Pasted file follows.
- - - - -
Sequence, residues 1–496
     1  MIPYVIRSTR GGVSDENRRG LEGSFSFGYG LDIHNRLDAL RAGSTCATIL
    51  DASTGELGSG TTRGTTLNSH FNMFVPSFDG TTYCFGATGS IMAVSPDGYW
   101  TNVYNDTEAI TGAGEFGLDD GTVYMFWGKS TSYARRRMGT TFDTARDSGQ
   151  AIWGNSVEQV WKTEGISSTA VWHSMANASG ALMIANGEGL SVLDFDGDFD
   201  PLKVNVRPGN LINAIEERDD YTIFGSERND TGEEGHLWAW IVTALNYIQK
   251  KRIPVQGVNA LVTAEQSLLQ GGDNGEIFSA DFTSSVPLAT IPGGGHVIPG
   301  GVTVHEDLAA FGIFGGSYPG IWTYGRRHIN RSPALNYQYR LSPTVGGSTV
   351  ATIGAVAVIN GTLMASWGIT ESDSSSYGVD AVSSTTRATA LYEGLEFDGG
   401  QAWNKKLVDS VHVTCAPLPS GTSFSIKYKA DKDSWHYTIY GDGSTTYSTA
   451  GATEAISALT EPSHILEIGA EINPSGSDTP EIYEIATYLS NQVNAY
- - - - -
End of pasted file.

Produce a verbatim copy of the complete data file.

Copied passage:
Sequence, residues 1–496
     1  MIPYVIRSTR GGVSDENRRG LEGSFSFGYG LDIHNRLDAL RAGSTCATIL
    51  DASTGELGSG TTRGTTLNSH FNMFVPSFDG TTYCFGATGS IMAVSPDGYW
   101  TNVYNDTEAI TGAGEFGLDD GTVYMFWGKS TSYARRRMGT TFDTARDSGQ
   151  AIWGNSVEQV WKTEGISSTA VWHSMANASG ALMIANGEGL SVLDFDGDFD
   201  PLKVNVRPGN LINAIEERDD YTIFGSERND TGEEGHLWAW IVTALNYIQK
   251  KRIPVQGVNA LVTAEQSLLQ GGDNGEIFSA DFTSSVPLAT IPGGGHVIPG
   301  GVTVHEDLAA FGIFGGSYPG IWTYGRRHIN RSPALNYQYR LSPTVGGSTV
   351  ATIGAVAVIN GTLMASWGIT ESDSSSYGVD AVSSTTRATA LYEGLEFDGG
   401  QAWNKKLVDS VHVTCAPLPS GTSFSIKYKA DKDSWHYTIY GDGSTTYSTA
   451  GATEAISALT EPSHILEIGA EINPSGSDTP EIYEIATYLS NQVNAY